U.S. exports to China topped $100 billion in 2011, a more than sixfold increase since 2000, a new report by the US-China Business Council says.
The 542 percent increase, to $103.9 billion last year from $16.2 billion in 2000, makes China the third-biggest export market for the United States after Canada and Mexico.
U.S. exports to China recovered faster after the recession than exports to anywhere else in the world, said Erin Ennis, vice president of the Business Council, based in Washington. Clearly, China is a market that is important to U.S. companies' bottom lines, even in tough economic times.
The nonprofit council represents more than 240 U.S. companies doing business in China. Its members include Boeing, Caterpillar, Coca-Cola, PepsiCo, Exxon Mobil, Microsoft, Apple, Dow Chemical and Pfizer.
Exports to the rest of the world increased 80 percent, according to the report, which was issued Wednesday.
The nearly $88 billion increase in exports to China from 2000 to 2011 exceeded the increase to every other market for U.S. goods and farm products, with the exception of Canada, Ennis said.
U.S. exports to Canada rose $102 billion over the same period, while U.S. exports to Mexico rose $86 billion. Brazil was a distant fourth with just a $28 billion increase in purchases of U.S. products.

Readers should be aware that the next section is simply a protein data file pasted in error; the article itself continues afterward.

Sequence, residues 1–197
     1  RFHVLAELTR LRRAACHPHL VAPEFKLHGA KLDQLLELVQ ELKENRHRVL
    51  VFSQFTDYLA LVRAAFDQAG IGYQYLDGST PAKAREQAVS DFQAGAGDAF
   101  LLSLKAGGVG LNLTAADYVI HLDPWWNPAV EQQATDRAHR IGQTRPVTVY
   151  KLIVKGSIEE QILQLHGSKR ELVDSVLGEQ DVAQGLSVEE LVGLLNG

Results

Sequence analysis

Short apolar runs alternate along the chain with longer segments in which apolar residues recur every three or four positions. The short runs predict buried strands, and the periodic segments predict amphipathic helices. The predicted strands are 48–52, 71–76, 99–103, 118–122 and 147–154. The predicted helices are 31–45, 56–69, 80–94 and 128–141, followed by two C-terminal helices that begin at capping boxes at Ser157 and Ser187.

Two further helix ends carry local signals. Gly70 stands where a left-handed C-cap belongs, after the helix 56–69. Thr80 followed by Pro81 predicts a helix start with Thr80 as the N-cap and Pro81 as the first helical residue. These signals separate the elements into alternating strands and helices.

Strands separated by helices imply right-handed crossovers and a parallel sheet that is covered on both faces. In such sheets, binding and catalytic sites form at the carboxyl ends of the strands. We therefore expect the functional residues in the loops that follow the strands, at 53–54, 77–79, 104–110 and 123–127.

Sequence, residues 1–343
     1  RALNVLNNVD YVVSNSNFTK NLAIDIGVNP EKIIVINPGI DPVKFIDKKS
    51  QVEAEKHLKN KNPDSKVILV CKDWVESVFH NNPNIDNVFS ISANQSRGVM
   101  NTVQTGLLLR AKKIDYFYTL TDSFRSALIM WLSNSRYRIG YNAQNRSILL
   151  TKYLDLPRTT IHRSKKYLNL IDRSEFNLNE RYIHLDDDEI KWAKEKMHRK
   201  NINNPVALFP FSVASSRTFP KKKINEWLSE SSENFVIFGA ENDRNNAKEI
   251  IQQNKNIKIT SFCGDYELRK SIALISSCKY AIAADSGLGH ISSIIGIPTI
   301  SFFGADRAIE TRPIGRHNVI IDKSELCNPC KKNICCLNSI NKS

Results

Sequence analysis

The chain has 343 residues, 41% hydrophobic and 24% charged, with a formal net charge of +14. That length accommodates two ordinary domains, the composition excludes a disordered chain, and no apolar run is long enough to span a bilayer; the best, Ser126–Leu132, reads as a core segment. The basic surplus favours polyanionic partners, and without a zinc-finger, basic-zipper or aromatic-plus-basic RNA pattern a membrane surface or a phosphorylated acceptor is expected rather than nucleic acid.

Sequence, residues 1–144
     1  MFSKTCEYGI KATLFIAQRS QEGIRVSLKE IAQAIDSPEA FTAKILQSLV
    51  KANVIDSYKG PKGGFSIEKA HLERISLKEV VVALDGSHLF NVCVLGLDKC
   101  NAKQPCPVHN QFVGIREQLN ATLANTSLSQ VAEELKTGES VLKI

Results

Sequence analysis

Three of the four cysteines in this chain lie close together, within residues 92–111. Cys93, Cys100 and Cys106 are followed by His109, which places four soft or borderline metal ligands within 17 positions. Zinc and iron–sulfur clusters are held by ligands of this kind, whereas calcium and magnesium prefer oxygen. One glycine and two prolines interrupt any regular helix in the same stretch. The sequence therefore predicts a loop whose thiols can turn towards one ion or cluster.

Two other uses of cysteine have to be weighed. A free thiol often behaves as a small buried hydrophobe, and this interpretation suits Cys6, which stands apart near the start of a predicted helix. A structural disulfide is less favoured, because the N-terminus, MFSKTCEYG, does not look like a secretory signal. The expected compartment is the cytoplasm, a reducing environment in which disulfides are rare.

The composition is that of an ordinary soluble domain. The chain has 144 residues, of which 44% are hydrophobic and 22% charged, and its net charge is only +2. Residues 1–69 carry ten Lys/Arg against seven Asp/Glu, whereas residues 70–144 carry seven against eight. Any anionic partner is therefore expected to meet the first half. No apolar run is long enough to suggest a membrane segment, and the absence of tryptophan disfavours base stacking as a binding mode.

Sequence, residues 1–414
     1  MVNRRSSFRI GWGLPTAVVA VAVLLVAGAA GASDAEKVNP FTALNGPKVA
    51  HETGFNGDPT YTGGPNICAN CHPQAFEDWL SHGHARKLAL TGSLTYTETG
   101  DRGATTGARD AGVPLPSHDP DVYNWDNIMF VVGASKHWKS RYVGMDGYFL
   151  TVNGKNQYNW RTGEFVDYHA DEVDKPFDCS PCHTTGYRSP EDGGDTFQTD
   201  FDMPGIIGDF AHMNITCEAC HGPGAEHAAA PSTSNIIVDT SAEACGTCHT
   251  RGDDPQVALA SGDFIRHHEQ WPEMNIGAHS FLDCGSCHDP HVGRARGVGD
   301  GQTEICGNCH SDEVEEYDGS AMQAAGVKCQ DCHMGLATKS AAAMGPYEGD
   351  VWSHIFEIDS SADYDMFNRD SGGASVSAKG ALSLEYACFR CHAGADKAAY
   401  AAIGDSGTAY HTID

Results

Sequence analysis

Since 2000, as many as 48 U.S. states have registered at least triple-digit growth in exports to China. Of those states, 20 have seen quadruple-digit growth, the report said.
The top five U.S. exporters to China are California at $14.2 billion; Washington, $11.2 billion; Texas, $10.9 billion; Louisiana, $7.3 billion and New York, $4.5 billion.
“American companies from every corner of the nation are exporting high-value computers, electronics, agricultural products, chemicals, transportation equipment, and machinery to an expanding marketplace in China,” Ennis said.
President Barack Obama announced a National Export Initiative in 2010 that aims to double total U.S. exports by 2014 -- a target that would require at least 15 percent average annual growth for five years.
During a visit to the United States in February, China's Vice President Xi Jinping tried to play down criticism over a growing trade imbalance and pressure from Washington for China to let its yuan currency float. Xi said China seeks to invest more in the United States and that American businesses should see China as an opportunity for growth.